I’ve been responsible for abortion, as I’ve written about before. I have paid for abortions for girls in my youth group who were, as the phrase goes, “in trouble”. I give money to support abortion rights worldwide. And I love my daughter. I am not a hypocrite. I am a believer, a passionate and unrelenting believer, in women — and women’s right to be sovereign over their flesh.

  3. Rachel,

    “To top it all off, I told the man that although I wouldn’t have an abortion, I didn’t think it would be right for me to inflict my personal view on other women. The man, in so many words, basically responded that I was assisting in genocide by being supportive of women who have abortions.”

    I felt the need to respond to this. NO, NO, NO…you were/are not assisting in genocide by being supportive of women who have abortions. This is so UNTRUE and outright lies. I really hope you know that. He was very wrong to say that to you.

    For what is it worth I, too am very disgusted by the disturbing images and by the misleading displays of the anti-choice outfit Justice For All. Their tactics are particularly insensitive and yes, very cruel to say the least.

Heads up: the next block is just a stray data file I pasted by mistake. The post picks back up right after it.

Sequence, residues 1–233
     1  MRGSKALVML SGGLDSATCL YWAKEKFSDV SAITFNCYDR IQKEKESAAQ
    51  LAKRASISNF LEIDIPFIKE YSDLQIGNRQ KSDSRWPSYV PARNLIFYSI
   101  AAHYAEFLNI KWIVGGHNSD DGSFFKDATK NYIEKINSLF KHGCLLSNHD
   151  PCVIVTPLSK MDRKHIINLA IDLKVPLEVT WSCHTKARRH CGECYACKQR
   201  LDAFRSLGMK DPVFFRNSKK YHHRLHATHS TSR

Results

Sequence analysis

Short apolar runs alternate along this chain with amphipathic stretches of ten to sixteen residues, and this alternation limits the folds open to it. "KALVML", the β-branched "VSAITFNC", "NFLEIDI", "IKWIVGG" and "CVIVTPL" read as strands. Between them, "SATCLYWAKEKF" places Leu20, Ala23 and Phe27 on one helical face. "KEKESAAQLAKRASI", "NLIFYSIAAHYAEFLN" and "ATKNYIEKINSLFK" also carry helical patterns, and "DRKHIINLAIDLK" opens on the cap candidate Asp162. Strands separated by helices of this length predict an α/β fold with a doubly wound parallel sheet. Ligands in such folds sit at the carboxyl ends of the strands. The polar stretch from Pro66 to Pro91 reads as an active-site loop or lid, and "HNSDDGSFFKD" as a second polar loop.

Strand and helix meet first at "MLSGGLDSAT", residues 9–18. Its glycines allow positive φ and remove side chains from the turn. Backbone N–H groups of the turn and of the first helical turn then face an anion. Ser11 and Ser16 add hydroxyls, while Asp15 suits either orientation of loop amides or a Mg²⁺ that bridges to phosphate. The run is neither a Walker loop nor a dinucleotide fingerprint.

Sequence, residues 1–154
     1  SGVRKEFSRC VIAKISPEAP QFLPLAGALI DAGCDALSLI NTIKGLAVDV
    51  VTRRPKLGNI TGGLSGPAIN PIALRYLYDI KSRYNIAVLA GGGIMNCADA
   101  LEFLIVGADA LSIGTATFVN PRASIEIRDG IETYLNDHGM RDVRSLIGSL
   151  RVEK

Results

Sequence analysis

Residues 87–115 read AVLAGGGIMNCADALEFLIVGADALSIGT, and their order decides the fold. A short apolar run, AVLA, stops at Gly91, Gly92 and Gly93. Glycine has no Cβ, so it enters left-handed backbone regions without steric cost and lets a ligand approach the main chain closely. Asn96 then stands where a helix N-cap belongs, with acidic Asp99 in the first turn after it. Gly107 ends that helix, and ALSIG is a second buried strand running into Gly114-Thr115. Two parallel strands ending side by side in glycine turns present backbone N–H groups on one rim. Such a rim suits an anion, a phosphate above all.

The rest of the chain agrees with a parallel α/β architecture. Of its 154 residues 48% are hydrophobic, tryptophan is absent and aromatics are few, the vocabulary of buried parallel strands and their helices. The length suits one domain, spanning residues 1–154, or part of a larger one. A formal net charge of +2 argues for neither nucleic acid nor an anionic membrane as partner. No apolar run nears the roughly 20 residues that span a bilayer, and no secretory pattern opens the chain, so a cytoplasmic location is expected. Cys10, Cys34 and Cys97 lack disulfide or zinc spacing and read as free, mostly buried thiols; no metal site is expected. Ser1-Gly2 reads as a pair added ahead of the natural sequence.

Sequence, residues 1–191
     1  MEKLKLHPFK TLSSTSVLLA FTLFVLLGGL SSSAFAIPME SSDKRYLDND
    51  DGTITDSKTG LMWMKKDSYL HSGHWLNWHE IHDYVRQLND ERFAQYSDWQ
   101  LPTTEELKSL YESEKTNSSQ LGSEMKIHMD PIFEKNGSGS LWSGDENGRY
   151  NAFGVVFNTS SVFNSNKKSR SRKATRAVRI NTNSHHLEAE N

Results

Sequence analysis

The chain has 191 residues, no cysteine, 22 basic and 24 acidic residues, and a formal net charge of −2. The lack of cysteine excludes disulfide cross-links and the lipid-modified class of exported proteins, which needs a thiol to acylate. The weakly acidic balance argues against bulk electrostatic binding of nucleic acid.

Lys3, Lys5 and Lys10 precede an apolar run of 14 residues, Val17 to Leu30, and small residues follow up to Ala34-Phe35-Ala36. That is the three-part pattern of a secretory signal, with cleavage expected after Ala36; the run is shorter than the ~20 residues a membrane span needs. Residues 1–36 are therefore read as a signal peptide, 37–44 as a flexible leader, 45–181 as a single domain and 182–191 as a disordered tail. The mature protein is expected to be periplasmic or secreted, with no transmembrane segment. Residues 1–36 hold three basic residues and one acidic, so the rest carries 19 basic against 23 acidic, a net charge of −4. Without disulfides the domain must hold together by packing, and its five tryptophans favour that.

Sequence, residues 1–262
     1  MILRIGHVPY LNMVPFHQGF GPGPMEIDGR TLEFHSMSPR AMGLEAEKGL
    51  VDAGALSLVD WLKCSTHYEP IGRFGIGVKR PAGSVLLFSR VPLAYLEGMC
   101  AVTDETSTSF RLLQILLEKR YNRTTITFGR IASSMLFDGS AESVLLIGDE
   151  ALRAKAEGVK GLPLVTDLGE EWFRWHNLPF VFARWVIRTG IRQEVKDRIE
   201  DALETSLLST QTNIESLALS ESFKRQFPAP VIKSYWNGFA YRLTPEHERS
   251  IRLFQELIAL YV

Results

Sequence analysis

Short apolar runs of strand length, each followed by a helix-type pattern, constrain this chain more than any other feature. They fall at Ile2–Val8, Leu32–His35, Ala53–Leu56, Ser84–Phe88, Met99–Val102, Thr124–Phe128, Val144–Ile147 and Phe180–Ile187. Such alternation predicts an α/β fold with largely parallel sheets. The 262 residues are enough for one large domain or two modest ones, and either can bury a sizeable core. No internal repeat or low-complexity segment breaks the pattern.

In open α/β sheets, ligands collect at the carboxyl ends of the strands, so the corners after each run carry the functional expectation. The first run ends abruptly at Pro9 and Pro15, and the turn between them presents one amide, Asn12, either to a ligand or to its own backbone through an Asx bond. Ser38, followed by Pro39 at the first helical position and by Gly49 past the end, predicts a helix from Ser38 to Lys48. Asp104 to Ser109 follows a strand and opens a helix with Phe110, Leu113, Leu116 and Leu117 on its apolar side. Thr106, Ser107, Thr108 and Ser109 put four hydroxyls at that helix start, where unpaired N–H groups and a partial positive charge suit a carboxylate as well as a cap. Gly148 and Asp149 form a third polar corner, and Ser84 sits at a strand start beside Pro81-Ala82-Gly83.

I’m definitely pro-choice and fully support women’s right to make their own decisions regarding their reproductive choices—it’s the only compassionate response to make. I don’t consider myself pro-abortion as so many anti-choice groups try to suggest. That demonstrates black/white thinking and is very misleading. And yes, it’s wrong for them to characterize doctors as murderers.

    I think few people are pro-abortion, whatever that means. I think the compassionate response is one that acknowledges just how hard the decision is for many women to make and the last thing they need is to feel singled out or made to feel like they are criminals or to have harsh judgments imposed on them. No, they need emotional support, compassion and empathy and you are certainly not wrong for offering that to them, despite your own personal views.

  4. I wish we could make abortion a non political issue. I too am 100% behind the government staying out of my “flesh”, be it abortion, marijuana, or McDonalds.

    Yet, we just handed “them” the power to oversee our healthcare.

  5. I don’t see why one has to think abortion is a great thing to think it should be legal. So what if there are disgusting images? I’m disgusted by politicians lying? Should that be illegal too? Should people picking their nose at a restaurant be illegal? I don’t mean to trivialize it, but legal and agreeable and legal and moral are not the same things.

    I’m not a fan of late-term abortions, but I am a fan of Dr. Tiller, because I believe most of the women who came to him for late-term abortions had good reasons for getting those abortions. More importantly, even if you believe abortion is wrong, shooting (and killing) someone in church cannot be right.